Anne Kim is a Northern VA based writer, focusing on some of the issues at the core of our work – things like poverty and opportunity. Her new book, Abandoned: America’s Lost Youth and the Crisis of Disconnection comes out on February 11th, 2020. She has an entire chapter dedicated to Second Story and how our work is helping address this crucial challenge, plus she spoke with a graduate from our programs, Carla, to make the crisis of “disconnected youth” more personal. Her book is an excellent way to really understand some of the big issues Second Story seeks to address. Anne stopped by to drop off a brand new copy of her book for and she shared a bit more about her book.
Can you tell us a little bit about your book?
This book is about what I think is a hidden crisis among young adults in America – as many as 4.5 million young adults between the ages of 16 and 24 have dropped out of the economic mainstream and are neither in school nor working. That’s a pretty shocking 11.5 percent of all young adults. My book explores why this has happened, why this is a problem, and what we can do about it.
One thing I’d like people who read this book to come away with is an understanding of who these disconnected young people are. Some of them might fit the stereotype of someone who’s “failed to launch” and living in their parents’ basement, but many of them are – as the title of the book says – “abandoned” and left adrift without the right opportunities and support to make it on their own. Some live in what I call “opportunity deserts” – places with substandard schools and no jobs nearby – but some are also living right here in northern Virginia, the victims of domestic violence, homelessness or other circumstances beyond their control.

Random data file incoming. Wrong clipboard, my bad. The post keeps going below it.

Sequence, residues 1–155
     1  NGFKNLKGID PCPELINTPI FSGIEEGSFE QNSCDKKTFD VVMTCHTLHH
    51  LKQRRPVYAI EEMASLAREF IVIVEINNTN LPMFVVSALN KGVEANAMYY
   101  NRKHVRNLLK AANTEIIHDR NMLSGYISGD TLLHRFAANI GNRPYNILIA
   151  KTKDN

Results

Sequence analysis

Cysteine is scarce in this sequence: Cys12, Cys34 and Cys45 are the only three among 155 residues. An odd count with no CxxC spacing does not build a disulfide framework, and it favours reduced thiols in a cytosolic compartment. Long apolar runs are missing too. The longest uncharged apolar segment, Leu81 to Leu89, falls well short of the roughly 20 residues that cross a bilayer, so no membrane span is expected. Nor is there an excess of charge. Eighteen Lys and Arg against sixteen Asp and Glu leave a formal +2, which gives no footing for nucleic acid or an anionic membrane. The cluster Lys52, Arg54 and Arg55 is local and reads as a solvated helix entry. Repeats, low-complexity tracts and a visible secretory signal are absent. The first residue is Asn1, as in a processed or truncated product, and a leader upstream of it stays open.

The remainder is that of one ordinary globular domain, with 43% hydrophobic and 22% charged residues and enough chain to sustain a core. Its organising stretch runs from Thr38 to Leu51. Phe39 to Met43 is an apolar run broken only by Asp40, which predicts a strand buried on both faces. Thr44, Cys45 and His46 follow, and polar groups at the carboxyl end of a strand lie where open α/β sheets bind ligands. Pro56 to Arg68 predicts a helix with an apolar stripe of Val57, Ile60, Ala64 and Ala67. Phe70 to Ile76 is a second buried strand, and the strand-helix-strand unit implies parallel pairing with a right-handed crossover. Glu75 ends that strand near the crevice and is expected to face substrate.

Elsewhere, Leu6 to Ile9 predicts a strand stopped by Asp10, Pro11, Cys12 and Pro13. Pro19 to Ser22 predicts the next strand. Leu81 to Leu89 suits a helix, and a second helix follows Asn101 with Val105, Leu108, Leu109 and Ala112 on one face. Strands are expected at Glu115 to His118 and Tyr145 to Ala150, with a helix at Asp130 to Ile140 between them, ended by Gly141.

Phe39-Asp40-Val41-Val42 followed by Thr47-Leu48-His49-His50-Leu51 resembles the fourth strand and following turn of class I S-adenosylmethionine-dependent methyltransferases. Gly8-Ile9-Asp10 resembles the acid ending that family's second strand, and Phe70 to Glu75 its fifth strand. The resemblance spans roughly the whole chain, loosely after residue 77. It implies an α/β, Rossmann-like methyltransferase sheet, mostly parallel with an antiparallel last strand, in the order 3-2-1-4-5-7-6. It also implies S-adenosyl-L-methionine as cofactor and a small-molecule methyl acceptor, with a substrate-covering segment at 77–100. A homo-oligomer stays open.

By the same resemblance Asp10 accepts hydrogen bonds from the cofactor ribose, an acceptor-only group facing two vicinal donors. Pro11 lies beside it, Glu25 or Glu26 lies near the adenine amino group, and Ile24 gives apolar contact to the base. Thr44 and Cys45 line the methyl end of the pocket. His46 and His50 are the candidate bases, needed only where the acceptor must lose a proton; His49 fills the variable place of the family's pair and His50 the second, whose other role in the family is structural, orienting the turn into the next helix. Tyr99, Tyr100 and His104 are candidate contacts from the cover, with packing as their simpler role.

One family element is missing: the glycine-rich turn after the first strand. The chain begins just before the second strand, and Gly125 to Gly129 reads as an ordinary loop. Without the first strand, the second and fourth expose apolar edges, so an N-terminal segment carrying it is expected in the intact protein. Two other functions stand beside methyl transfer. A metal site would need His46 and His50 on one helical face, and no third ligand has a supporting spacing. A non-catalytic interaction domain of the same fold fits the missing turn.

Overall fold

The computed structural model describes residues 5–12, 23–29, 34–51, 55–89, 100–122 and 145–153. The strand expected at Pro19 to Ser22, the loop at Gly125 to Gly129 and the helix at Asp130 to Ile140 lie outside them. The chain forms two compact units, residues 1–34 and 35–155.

A second takeaway is that young adulthood is now an incredibly important developmental period in someone’s life – but one that hasn’t gotten much attention or investment from public policy. I think middle and upper-middle-class parents have come to realize that the runway to adulthood has gotten a lot longer in recent decades. A lot of young people are depending on their parents for a longer period of time – they’re in school longer; it’s taking more time to get established in careers; high housing prices means it’s cheaper to live at home even after you get that first job. But what if you don’t have access to that kind of support? A lot of our public policies were put into place when “young adulthood” as a phenomenon didn’t exist. Public school ends with high school graduation, and many public programs end at age 18. Especially vulnerable are young people who “age out” of foster care at age 18 – they literally lose all support the day after their birthdays – or young people who are incarcerated and spend critical time when they should be in school or getting a first job behind bars.
As you well know at Second Story, there are far too few resources dedicated to ending youth homelessness, and a big part of the problem is that the federal government doesn’t define “homelessness” in a way that captures how most young people experience homelessness. Young people without stable housing tend to “couch surf” – staying with friends or family – but that’s not considered true “homelessness” according to the government. As a result, young people fall to the bottom of the priority list for shelter. And the amount we spend to assist “transitional housing” programs such as Second Story is miniscule in comparison to the need and in comparison to what we spend on other programs.